Native Plant Society Learns About Orchids
By Vicki Jackson
An enlightening presentation about Florida's native orchids was given by Louis del Favero, proprietor of an area orchid nursery, and accompanied by unique photographs from the collection of Dr. Craig Huegel. The program at the July 7th meeting of the Native Plant Society reflected the lecturer's many years (forty-five) of experience in both growing and collecting orchids.
The seasoned collector reflected on the numerous trips he'd taken to find the hidden jewels, and recalled occasionally being able to sight as many as 50-60 plants in a day. He spoke of the presence of abundant populations, including the elusive "ghost orchid," on up until the late 1970's. He noted that some orchids are leafless, while others may be fragrant, and emit an aroma like honey, chocolate, or root beer. Sometimes they can be spotted even in urban sites, perhaps in an oak or mahogany tree, while others are found only in "secret spots."
He lamented the decline in the native orchid population in recent decades, due in large part to serious damage and loss of habit from "drainage projects and misguided development." Fire and adverse weather have also taken a toll.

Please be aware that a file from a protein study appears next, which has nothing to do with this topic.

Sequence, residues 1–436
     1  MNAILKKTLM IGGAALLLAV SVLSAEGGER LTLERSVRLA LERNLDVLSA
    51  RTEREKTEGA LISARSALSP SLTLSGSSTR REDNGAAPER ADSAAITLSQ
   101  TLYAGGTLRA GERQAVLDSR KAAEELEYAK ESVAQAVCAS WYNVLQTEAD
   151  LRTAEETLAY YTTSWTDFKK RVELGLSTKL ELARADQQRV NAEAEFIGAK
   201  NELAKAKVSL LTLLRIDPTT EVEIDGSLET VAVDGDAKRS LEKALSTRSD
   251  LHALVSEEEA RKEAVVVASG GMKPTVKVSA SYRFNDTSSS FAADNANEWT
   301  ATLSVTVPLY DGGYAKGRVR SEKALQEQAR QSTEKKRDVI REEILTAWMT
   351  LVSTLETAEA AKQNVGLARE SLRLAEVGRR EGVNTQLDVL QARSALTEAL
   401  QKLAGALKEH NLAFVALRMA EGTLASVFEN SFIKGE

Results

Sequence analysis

Prohibitions on gathering native specimens preclude the "rescue" of endangered plant populations-it's illegal. According to the speaker, years ago such rules were greatly ignored. As a result, those early collectors of orchids inadvertently "pretty much saved" some species. With proper management of water (allowing it to stay high where it's needed), and fire, (allowing it to burn only where it should), he expressed some optimism for restoration.
NPS members and guests expect to catch a glimpse of such orchids on their field trip to Corkscrew Swamp Sanctuary, in Naples. Then, "Ecology of Springs" will be the featured topic on August 4th at the Native Plant Society. Meetings are held monthly at the Pinellas County Extension in Largo, and begin at 7:00 p.m. Refreshments are provided and visitors are always welcome. Watch for notices in this paper or check out www.nativeplantsociety.org for further information.
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